English Heritage Records Keeper, Richard Luscombe, writes about his time spent volunteering at Wrest Park, and explains how gaining experience with English Heritage across a range of roles has helped him overcome personal tragedy.
Life changes. Sometimes we make the changes, sometimes events change things for us. In September 2004, I moved from a long library career into primary teaching. In September 2014, our daughter took her own life.
I was put on long-term sick leave and, until the inquest the following March, couldn’t think about the future. All I knew was that I wouldn’t go back to teaching. So, a wise friend – herself a careers counsellor – suggested that I explore different occupation options through volunteering.
I didn’t know then how addictive volunteering would become.
‘My past experience rolled into one job’
In August 2015 I became a volunteer Room Guide at Wrest Park, welcoming visitors to the house and telling them about the De Grey family’s story. It was near home, all the staff and volunteers were friendly, and it reawakened my love for the past. Even better, our amazing Volunteer History Research Team then advertised for a volunteer Historical Records Keeper. I had a History degree, had run a Local Studies library, and enjoyed talking about the subject, so it was as if all my past experience were rolled into one job. I loved it then and I still love it now.
Many visitors who come to Wrest find a favourite place. They reach the bottom of our staircase and turn towards the garden, and ahead is the perfect classical perspective of the Long Water canal, finishing at the domed Archer Pavilion. That’s where the cameras come out. As a volunteer, I have the added privilege of seeing this before the visitors arrive. It’s perfect and, for those few moments, you happily convince yourself that it’s your garden, and no one else’s. Wrest Park played a major part in my restoration. It gave me back my purpose.
‘Sustaining good mental health’
It was recently World Mental Health Day, a reminder that mental health is health, not illness. We talk at length about our physical health and we slip easily from how well we are to how ill we are. Yet, say the word ‘mental’ and many people assume ‘illness’. Of course, the truth is that we all have mental health. Volunteering can improve it significantly, or simply help to sustain the good mental health that you already enjoy.
Perhaps it’s unusual for a male to discuss mental health, but I lost any inhibitions after our Becki died. She had been a national ‘voice’ for the charity Mind. In October 2013 she unwittingly started a Twitter campaign that caused two major supermarket chains to withdraw Hallowe’en costumes making fun of mental patients. Posthumously she was made a Mental Health Hero by the then Deputy Prime Minister. In tribute to her, and to others who left us too soon, friends started a local group to raise awareness of young people’s mental wellbeing. That’s another side of my volunteering, and equally rewarding.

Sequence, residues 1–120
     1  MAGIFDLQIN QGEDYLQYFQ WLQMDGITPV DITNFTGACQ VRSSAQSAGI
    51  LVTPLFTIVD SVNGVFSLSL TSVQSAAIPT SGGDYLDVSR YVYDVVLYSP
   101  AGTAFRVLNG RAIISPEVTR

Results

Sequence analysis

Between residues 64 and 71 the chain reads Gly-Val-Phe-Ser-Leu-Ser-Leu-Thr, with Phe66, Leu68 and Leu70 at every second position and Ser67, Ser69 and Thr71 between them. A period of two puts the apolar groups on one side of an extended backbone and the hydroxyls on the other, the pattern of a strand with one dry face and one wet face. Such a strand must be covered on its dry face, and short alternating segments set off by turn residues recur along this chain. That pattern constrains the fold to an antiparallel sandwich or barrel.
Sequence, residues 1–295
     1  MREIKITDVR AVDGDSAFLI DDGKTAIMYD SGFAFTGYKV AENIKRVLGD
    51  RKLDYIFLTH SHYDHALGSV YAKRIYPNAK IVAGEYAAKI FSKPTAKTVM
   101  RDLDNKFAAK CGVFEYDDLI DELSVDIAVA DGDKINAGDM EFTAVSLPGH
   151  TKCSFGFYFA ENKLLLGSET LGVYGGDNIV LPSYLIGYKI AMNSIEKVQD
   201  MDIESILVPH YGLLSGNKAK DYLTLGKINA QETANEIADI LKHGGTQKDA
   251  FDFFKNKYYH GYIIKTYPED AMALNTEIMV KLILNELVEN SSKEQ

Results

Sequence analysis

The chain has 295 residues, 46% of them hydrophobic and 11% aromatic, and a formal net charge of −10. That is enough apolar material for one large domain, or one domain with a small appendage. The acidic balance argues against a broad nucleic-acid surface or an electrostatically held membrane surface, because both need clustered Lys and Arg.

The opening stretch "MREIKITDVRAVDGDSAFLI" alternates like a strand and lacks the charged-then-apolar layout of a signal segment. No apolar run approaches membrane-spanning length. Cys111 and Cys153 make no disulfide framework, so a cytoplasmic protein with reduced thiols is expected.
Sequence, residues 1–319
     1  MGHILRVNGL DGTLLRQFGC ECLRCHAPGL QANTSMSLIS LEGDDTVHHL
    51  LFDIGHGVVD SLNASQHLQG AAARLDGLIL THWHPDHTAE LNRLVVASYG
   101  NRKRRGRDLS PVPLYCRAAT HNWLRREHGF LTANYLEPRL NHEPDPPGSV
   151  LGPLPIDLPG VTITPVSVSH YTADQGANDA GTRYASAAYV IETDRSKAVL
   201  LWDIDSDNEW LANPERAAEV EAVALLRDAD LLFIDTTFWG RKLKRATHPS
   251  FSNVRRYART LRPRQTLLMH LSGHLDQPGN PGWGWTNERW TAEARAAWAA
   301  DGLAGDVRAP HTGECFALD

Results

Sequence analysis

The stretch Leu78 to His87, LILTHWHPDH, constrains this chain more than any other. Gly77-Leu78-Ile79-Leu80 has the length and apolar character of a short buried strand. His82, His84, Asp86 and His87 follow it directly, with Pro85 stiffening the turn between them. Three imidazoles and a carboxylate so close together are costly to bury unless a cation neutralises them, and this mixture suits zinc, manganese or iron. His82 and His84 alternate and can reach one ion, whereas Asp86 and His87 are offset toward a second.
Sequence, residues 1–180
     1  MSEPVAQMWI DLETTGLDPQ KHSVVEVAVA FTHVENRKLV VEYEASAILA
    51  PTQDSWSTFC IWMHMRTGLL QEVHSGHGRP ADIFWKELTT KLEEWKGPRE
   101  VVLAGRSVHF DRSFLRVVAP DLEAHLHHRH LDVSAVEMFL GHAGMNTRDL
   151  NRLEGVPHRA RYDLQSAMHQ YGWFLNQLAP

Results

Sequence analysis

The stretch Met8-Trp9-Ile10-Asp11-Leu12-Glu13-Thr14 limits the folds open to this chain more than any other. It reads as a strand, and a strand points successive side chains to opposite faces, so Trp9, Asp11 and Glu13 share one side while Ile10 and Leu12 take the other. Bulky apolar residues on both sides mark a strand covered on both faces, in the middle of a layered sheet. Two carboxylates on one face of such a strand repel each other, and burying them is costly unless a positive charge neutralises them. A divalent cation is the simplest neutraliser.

People volunteer for all sorts of reasons. If they’re simply looking for respite from their past jobs, then the joy soon evaporates. Volunteering is a commitment, and the rewards come from the work you put in. Wrest Park has over 170 volunteers and simply couldn’t survive without them. They bring to their roles a vast range of skills and knowledge and, whether they recognise it or not, are all helping their own mental health. Take volunteer gardeners for example. They perfectly demonstrate that physical activity benefits mental wellbeing!
There are other outdoor opportunities, such as meeting and greeting, or driving visitors round on our golf buggies. Then there is room guiding, historical research, education, or working in our Archaeological Collection Store. The stimulation can be as much mental as physical. Above all, you have the responses of many grateful visitors to make you feel that your day has been worthwhile.
Mental health is now talked about more than it ever was, and even has significant royal endorsement. That’s great, but it’s those around us who can play the biggest part, and this includes employers. It doesn’t have to be big things. Sometimes, it’s just taking time to listen, making someone feel appreciated, or altering someone’s duties for a period, as one would during physical recovery. I’m just grateful to be where I am now, with the employers I have, so that what I do is given added value.
Get involved – Become a volunteer
“Wrest Park played a major part in my restoration. It gave me back my purpose.”
Have you been inspired by Richard’s story? Find a volunteering opportunity near you and join English Heritage today. Whether it’s guiding visitors around a beautiful property, helping to maintain one of our historic gardens or working behind the scenes in our archives and storerooms, there is a role for everybody.